Auditioning with Benedict

I'm posting for 60 days straight, leading up to my early December birthday, and I'm making the time to write on behalf of slain UCC Professor and aspiring novelist, Larry Levine. And now we have CSU Long Beach design student Nohemi Gonzalezgunned down in Paris.

Back in my acting days, I used a monologue of Benedict's from Shakespeare's Much Ado About Nothing when auditioning for theatre. In fact, I used it when auditioning for grad school, including CalArts, where I was accepted. Here's all I can remember, in my current NFW condition. 

I do much wonder that one man, seeing how much another man is fool when he dedicates his labors to love, will, after he hath laughed at such shallow folly, become the argument of his own scorn by falling in love. 

And such a man is Claudio. 

I have known when he would walk ten mile a foot to see a good armor, now will he not like awake carving the fashion of a new doublet. 

I have known when he would play the drum and fife, now he plays the tabor and the pipe.  

...

Rather poor, to be honest. This is maybe 1/5 of the speech. The rest dances around my exhausted mind but never lands. Only phrases, snatches of the prose. Sigh. Lost to the passage of time and atrophy - I haven't said the monologue out loud in over 15 years. Maybe 20.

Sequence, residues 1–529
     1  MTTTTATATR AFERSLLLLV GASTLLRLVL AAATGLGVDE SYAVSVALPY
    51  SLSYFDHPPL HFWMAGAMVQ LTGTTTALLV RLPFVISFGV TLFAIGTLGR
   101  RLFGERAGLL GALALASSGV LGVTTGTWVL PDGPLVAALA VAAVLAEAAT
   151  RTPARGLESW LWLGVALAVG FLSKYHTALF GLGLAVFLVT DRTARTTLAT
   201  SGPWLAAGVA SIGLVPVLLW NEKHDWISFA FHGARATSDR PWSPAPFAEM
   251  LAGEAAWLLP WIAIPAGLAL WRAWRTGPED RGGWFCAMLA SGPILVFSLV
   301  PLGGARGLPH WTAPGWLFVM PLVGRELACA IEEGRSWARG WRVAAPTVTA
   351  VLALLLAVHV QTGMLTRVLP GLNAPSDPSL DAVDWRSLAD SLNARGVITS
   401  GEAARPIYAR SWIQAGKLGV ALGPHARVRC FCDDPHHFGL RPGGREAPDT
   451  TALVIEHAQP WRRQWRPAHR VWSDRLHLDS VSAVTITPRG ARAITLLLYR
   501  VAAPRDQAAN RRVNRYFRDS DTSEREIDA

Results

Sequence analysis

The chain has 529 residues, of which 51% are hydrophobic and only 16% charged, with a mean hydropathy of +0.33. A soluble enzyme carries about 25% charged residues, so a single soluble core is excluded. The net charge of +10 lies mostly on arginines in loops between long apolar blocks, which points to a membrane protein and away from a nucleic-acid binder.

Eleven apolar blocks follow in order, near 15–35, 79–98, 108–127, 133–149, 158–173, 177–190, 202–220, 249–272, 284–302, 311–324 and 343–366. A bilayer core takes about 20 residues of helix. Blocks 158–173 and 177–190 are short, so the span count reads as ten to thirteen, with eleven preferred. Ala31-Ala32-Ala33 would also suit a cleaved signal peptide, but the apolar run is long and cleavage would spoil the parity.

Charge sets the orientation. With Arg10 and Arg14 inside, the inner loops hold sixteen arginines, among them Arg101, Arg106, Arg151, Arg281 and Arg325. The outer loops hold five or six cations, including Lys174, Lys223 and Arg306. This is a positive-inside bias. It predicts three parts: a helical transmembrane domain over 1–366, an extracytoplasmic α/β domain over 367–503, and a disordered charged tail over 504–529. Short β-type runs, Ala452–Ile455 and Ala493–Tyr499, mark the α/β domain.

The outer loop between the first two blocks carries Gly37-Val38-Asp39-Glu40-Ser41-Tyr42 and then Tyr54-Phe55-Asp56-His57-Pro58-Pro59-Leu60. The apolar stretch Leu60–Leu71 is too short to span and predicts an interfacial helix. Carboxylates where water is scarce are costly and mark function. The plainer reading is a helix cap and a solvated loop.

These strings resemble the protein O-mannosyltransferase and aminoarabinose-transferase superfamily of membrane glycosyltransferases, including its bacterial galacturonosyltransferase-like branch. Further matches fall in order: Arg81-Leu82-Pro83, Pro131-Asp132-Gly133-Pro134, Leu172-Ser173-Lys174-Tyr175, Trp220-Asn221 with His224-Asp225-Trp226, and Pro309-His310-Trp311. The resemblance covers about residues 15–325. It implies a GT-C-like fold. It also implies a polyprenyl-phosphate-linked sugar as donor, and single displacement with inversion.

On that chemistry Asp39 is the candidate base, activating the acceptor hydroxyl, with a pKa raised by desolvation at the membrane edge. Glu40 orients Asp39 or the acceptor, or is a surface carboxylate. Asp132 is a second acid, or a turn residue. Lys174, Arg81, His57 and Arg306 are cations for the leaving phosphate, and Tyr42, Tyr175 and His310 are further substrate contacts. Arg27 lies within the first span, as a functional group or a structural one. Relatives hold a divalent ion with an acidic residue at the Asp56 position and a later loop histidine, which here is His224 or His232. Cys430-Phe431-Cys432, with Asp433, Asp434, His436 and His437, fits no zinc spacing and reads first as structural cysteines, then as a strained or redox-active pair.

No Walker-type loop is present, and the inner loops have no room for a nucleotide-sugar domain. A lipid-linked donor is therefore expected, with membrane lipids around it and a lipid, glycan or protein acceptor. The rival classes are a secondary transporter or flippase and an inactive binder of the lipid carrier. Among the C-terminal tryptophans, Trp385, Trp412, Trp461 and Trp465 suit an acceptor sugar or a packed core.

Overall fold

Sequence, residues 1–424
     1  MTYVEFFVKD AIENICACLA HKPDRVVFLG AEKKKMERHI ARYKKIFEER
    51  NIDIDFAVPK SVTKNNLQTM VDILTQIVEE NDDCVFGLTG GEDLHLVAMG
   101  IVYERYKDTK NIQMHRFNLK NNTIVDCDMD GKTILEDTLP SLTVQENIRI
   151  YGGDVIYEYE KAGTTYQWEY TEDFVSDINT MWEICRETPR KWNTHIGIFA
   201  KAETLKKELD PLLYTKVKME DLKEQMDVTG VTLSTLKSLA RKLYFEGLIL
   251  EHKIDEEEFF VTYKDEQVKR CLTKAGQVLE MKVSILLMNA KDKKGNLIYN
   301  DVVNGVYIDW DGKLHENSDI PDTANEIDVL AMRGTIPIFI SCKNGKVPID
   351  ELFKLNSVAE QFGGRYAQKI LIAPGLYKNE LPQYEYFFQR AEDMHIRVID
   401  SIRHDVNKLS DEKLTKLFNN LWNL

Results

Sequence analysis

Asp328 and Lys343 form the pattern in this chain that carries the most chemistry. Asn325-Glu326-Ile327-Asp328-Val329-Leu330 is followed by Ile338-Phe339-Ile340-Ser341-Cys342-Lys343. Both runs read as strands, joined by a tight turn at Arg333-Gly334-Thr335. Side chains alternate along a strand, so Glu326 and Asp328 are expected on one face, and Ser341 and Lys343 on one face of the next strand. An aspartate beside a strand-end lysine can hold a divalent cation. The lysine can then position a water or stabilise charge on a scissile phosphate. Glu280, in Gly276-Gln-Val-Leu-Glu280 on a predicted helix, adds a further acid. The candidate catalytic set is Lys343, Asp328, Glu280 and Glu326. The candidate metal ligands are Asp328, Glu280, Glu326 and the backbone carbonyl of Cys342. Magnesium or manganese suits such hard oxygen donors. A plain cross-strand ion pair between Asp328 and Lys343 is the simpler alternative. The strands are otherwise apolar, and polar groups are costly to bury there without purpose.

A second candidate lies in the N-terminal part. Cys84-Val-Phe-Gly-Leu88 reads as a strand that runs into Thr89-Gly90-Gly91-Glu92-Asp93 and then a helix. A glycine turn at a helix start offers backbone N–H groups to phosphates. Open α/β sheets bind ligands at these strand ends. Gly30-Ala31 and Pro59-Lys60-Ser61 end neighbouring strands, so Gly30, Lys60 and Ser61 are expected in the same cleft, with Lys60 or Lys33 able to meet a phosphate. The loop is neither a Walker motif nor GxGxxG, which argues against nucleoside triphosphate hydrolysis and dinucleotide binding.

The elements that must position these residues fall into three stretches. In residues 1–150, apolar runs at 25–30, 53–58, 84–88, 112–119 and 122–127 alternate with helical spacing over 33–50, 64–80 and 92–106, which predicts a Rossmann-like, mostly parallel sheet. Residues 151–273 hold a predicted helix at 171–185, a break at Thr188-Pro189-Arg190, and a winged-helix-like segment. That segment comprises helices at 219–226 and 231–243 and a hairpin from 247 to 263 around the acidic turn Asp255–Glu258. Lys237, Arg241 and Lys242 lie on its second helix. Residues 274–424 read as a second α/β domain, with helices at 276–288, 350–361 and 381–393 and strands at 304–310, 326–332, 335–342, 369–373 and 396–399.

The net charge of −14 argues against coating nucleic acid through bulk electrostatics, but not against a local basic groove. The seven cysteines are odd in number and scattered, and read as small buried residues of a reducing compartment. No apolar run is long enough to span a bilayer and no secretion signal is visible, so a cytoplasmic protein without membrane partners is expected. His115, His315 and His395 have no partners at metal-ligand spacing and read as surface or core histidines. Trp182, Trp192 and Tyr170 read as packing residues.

That first sentence is a doozy. At first glance, constructed poorly. But I came to believe Shakespeare structured it this way to slow the actor down, compare and contrast the two men's actions, have some fun with the comparison.

For those keeping score at home, here's the correct complete monologue, which, like, I would've totally nailed if I could've looked it over once. Or thrice.

I do much wonder that one man, seeing how much another man is a fool when he dedicates his behaviors to love, will, after he hath laughed at such shallow follies in others, become the argument of his own scorn by failing in love: and such a man is Claudio. I have known when there was no music with him but the drum and the fife; and now had he rather hear the tabour and the pipe: I have known when he would have walked ten mile a-foot to see a good armour; and now will he lie ten nights awake, carving the fashion of a new doublet. He was wont to speak plain and to the purpose, like an honest man and a soldier; and now is he turned orthography; his words are a very fantastical banquet, just so many strange dishes. May I be so converted and see with these eyes? I cannot tell; I think not. One woman is fair, yet I am well; another is wise, yet I am well; another virtuous, yet I am well; but till all graces be in one woman, one woman shall not come in my grace. Rich she shall be, that's certain; wise, or I'll none; virtuous, or I'll never cheapen her; fair, or I'll never look on her; mild, or come not near me; noble, or not I for an angel; of good discourse, an excellent musician, and her hair shall be of what colour it please God. 

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